The Rankin Police Department will hand over night patrols to the Pennsylvania State Police next month. Rankin will still have its own police force, but Mayor M. Nicholas Glova said Tuesday that the borough has struggled to keep enough officers to provide round-the-clock coverage.
“We have lost several part-time officers these past few months to full-time positions in school districts and hospitals,” Glova wrote in a letter to residents. “We are having a difficult time replacing them.”
“The shortage has begun to affect our department,” Glova also wrote, “and we must take action to avoid disruption of service.”
State police spokesman Ryan Tarkowski said troopers will pick up midnight shifts in Rankin beginning Nov. 1.
“That borough will just be absorbed into the patrol zones that are already in place,” Tarkowski said, “and our troopers will be available to proactively patrol and also respond to calls.”
The local state police troop covers all or part of Allegheny, Fayette, Greene, Washington, and Westomoreland counties: Tarkowski said many troopers are stationed in smaller zones throughout the area and can complete much of their work from their vehicles.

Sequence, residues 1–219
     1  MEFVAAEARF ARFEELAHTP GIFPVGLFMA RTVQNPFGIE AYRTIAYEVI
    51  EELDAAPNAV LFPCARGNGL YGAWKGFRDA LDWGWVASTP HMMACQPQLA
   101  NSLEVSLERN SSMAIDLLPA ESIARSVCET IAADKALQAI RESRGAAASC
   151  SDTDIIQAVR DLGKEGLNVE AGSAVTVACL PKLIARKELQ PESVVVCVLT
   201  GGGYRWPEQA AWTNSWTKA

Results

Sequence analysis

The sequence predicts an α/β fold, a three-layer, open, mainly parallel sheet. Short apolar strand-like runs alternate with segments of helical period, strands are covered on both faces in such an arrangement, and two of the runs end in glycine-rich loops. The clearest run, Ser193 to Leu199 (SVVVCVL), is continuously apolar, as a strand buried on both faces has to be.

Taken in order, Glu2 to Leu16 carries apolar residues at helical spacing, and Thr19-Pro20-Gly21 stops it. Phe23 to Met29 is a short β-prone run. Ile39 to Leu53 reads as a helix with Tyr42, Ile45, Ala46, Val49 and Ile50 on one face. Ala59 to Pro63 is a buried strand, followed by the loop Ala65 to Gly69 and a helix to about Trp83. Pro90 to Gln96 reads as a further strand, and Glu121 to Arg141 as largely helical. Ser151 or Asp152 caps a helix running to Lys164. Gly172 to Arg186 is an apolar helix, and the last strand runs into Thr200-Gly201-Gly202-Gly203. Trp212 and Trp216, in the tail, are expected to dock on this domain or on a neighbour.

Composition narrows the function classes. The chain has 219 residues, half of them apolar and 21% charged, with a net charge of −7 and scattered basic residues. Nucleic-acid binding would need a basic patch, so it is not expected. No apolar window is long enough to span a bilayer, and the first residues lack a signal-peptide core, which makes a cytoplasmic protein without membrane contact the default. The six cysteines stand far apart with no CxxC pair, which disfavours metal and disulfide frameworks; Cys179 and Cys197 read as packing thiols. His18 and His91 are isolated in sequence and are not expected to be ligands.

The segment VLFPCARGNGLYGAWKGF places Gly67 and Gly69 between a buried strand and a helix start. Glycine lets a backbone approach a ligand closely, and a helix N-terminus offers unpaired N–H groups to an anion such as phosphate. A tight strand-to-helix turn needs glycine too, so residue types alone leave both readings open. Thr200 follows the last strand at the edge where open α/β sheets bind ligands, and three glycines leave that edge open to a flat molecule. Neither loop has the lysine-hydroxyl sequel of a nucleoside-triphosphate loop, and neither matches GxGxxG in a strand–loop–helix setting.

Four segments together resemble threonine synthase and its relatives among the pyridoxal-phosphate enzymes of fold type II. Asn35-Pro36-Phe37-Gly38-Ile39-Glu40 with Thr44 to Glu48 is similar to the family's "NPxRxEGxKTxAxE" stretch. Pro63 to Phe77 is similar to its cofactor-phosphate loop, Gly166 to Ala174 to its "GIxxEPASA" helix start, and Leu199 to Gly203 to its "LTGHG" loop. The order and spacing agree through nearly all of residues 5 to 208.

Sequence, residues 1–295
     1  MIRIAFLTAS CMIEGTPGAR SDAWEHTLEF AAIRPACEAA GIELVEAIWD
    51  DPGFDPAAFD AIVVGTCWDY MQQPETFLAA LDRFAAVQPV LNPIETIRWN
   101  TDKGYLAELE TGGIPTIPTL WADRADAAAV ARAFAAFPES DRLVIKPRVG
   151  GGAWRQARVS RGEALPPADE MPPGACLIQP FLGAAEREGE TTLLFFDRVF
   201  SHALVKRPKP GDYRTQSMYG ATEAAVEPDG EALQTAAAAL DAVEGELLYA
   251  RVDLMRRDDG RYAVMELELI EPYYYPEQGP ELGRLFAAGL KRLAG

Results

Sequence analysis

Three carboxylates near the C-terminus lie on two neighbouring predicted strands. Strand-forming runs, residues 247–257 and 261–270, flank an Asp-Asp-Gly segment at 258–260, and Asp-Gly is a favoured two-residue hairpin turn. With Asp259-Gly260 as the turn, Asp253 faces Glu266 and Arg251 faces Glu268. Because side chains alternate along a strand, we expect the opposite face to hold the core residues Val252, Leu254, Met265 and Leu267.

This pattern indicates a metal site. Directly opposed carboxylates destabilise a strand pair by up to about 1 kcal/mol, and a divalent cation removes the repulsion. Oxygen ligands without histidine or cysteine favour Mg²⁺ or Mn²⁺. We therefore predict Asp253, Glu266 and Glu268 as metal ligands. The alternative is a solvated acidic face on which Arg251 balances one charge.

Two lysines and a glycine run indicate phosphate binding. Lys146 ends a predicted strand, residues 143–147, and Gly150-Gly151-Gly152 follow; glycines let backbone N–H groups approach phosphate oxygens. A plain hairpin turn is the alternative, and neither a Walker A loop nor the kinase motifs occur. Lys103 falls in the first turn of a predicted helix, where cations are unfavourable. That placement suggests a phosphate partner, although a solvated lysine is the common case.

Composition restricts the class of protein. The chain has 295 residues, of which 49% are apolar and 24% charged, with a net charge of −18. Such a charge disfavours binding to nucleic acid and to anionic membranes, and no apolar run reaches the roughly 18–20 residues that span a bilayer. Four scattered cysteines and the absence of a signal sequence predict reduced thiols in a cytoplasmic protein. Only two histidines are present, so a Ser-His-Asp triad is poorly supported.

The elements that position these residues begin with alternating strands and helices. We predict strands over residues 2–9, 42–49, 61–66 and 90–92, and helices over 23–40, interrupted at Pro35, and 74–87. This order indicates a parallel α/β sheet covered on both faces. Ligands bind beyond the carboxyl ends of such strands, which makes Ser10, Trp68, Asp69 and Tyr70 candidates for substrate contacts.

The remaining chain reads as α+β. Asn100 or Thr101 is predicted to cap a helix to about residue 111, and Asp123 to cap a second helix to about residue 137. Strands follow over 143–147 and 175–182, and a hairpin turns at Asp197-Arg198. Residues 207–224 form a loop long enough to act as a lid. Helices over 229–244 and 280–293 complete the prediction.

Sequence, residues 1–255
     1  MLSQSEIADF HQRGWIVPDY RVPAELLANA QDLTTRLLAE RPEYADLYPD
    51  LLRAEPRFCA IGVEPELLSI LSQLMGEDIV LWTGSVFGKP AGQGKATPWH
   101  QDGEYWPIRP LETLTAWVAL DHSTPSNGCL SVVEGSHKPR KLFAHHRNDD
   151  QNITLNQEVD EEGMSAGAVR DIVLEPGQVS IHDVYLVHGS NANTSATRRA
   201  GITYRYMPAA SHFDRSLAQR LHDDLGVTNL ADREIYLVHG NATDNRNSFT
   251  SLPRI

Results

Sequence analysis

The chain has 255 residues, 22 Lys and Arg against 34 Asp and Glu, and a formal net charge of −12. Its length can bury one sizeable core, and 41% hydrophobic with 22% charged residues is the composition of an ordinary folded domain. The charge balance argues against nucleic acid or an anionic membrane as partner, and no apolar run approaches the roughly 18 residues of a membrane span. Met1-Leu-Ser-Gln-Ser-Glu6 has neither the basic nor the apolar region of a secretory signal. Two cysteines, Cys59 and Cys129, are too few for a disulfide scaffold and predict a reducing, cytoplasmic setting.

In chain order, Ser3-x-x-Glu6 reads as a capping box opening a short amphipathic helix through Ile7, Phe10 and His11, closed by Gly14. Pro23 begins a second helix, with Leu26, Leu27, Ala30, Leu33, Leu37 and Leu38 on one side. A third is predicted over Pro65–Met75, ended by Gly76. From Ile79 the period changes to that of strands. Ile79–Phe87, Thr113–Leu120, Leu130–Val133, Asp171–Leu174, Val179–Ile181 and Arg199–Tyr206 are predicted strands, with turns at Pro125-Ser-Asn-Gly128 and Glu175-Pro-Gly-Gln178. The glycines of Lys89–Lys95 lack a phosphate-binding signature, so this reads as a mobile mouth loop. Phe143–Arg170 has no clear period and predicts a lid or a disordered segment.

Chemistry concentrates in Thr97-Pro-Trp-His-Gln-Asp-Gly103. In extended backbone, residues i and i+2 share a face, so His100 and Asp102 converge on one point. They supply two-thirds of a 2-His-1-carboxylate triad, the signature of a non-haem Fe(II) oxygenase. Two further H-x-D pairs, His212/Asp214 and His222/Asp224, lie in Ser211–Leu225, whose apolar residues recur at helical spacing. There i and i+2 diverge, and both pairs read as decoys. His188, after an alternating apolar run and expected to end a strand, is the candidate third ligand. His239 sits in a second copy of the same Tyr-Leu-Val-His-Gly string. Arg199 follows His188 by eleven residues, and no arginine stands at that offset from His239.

Still, he said, “the reality is, as more departments either fold or rely on state police for part-time coverage … the response time may not be the same as people are used to with a local municipal department.”
Glova, the Rankin mayor, asserted that the decision to turn night patrols over to state troopers was due to “a lack of manpower" and "not a financial issue.”
But Allegheny County Councilor Paul Zavarella said other nearby communities are stretched financially.
“A lot of those communities down there are struggling in terms of the revenue that they’re generating and having a difficult time balancing their budgets,” said Zavarella, whose district includes Rankin and other Mon Valley municipalities.
The county councilor said, because of such fiscal challenges, area departments have increasingly relied on part-time officers.
“Some of the various police departments are paying wages in the $12 to $15 per hour range, versus what it would cost to hire a full-time police officer,” Zavarella said.
Rankin has joined the boroughs of East Pittsburgh, North Braddock, and Whitaker in exploring the possibility of consolidating police services into a shared force. Such a move could help cut costs after years of population decline.
The Pennsylvania Department of Community and Economic Development is conducting a study with the four municipalities to examine the potential benefits of consolidation.
The state police provide full-time or part-time coverage to almost 67 percent of the 2,560 municipalities in Pennsylvania, according to Tarkowski.
Two other communities in Allegheny County also receive full-time service, according to state police data: Glenfield and Haysville. Fawn Township receives part-time coverage.